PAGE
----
Rochester police announced later that 11 people were arrested during the Friday protest. Four of those individuals were remanded to the Monroe County Jail and seven were issued appearance tickets. Police said three officers were injured as a result of “projectiles and incendiary devices” being thrown at them. According to the RPD, officers were hospitalized and were later released.
Rochester police made no mention of any injuries to demonstrators in their press release on the protest.
September 5, 2020
Saturday morning, Monroe County Sheriff Todd Baxter released a statement about Prude’s death and the protests that ensued. The statement read in part:
“I have always worked to build up rather than tear down. I remain committed to working together for solutions, to include mental health as well as drug and alcohol addiction response and diversion programs. We have been and remain steadfast in building up the community that we love. The eyes of the nation are on Rochester, now is the time to step up. We need to walk forward – together – one step at a time. The greater Rochester community is better than this. Let us be the example for the country.”
Later Saturday, New York State Attorney General Letitia James announced the Daniel Prude death investigation was moving to a grand jury — this was one of the demands made known by Free the People ROC.
“The Prude family and the Rochester community have been through great pain and anguish. My office will immediately move to empanel a grand jury as part of our exhaustive investigation into this matter,” a statement from the attorney general’s office said Saturday.
The attorney general’s move to empanel a grand jury was swiftly applauded by Gov. Cuomo, Monroe County Executive Adam Bello, Mayor Warren, and local Black Lives Matter groups.
Around 6:30 p.m. Saturday, approximately 1,000 demonstrators gathered at the corner of Jefferson Avenue and Dr. Samuel McCree Way — where Prude’s encounter with police occurred back in March.
After speeches and song, they marched downtown and the crowd grew along the way. The demonstrators eventually turned down Main Street with a stop at the steps of City Hall along the way for more speeches and words from organizers and activists.
From there, the demonstration went down State Street where they were met by police — and another violent clash ensued, with pepper balls, tear gas, bottles being thrown, fireworks, and more.
Daniel Prude protest turns violent in downtown Rochester Saturday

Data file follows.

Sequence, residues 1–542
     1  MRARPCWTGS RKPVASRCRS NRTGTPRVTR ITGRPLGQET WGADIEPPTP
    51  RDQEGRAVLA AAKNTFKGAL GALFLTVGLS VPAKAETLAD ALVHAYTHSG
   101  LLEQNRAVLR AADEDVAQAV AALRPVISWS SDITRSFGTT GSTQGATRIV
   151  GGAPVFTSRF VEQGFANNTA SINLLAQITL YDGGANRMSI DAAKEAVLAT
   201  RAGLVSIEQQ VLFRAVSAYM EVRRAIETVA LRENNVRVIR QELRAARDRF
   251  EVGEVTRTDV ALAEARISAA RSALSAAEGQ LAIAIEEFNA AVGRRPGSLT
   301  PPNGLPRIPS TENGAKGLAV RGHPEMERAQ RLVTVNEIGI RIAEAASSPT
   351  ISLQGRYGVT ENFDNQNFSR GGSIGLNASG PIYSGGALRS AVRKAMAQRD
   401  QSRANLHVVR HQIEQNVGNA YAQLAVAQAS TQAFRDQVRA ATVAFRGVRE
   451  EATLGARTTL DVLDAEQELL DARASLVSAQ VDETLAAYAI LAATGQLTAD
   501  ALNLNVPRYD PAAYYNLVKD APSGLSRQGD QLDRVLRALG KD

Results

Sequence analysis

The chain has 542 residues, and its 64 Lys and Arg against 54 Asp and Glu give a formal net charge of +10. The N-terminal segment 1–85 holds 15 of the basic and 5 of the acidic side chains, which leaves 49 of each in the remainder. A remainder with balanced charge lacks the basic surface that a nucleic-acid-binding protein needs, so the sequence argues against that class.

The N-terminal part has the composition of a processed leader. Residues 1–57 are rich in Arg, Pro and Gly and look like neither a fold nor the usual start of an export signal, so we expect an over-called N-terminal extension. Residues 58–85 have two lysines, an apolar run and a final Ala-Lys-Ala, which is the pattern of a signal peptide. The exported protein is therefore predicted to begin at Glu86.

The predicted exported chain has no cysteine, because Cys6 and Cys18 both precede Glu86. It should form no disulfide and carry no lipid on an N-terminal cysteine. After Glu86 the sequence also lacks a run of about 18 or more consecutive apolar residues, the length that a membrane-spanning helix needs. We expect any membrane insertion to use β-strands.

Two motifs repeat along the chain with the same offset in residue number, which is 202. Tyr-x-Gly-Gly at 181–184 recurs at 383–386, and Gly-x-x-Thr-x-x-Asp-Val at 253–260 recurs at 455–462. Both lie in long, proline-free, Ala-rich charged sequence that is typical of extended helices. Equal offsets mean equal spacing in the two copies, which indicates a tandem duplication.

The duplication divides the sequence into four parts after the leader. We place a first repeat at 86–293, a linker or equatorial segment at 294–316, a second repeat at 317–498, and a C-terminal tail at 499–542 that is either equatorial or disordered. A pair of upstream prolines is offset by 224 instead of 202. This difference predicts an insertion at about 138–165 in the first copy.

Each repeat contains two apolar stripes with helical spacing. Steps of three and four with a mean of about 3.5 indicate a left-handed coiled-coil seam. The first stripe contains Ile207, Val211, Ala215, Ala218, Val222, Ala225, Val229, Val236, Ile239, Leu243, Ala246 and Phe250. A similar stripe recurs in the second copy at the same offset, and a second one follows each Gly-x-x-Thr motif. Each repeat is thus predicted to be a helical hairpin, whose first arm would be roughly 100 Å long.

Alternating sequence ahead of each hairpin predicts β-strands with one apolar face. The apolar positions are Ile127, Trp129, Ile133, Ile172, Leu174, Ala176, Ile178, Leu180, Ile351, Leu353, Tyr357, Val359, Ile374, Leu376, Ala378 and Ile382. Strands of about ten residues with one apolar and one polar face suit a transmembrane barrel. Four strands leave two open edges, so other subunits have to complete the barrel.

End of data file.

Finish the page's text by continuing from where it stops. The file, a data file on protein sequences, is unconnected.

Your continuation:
Rochester police say nine people were arrested during Saturday’s confrontation and said that some members of the RPD were injured.
Windows at City Hall were later found to have been cracked.
Activists said police used excessive force Saturday night.
“The inhumanity Rochester police unleashed last night is the product of an institution that has been granted too much power; Power to abuse the people they serve, power to respond to our voices with their violence, power to act with impunity,” said Iman Abid, NYCLU Genesee Valley Chapter Director, in a statement. “People speaking out are not enemy combatants, and to fire flash bangs, tear gas, and pepper balls at demonstrations against police violence only proves the point. The Mayor and RPD must stop these warfare tactics now.”
Monroe County Legislator Rachel Barnhart (D-21) says she was on the front lines of the protest. She said on Twitter that RPD’s tactics need to change and that city leadership has failed the community.
Barnhart later told News 8 that she was struck by a projectile from police.
“I saw some small plastic bottles and a sparkler being thrown in the direction of police and police almost instantaneously open fired on about 1,000 protesters,” she said.
September 6, 2020
Following news of arrests and more accounts of excessive force by police, Community Justice Initiative held a press conference Sunday to address the “military tactics” of the Rochester Police Department from the night before.
Anthony Hall with CJI called on the resignation of Rochester Mayor Warren and Rochester Police Chief La’Ron Singletary.
“We start off singing, dancing, eating, fellow-shipping, meditating before we take off to march — last night was horrendous,” Hall said. “We were met by a sub-military group. RPD militarized our peaceful community folk. RPD turned this thing into a war. Last night was a war setting, war zone, RPD did not let up at all. This can not go on. This is about liberation.”
Hall referred to pepper balls and tear gas deployed by RPD, after isolated incidents of fireworks and bottle-throwing in the streets. Hall said those incidents were started by outside agitators.
“These pepper balls are supposed to be shot at feet, so they can impact the ground, not hitting people in the face. I was hit in my face with a pepper ball,” Hall said.
Former Rochester City Court Judge Letitia Astacio was in attendance.
“If one person out of 3,000 people throws a water bottle at an officer in riot gear, and you think that means he can attack me with chemical warfare, you are insane and you’re not the type of person I want to talk to,” said Astacio. “There will be no justice if the police are the perpetrators.”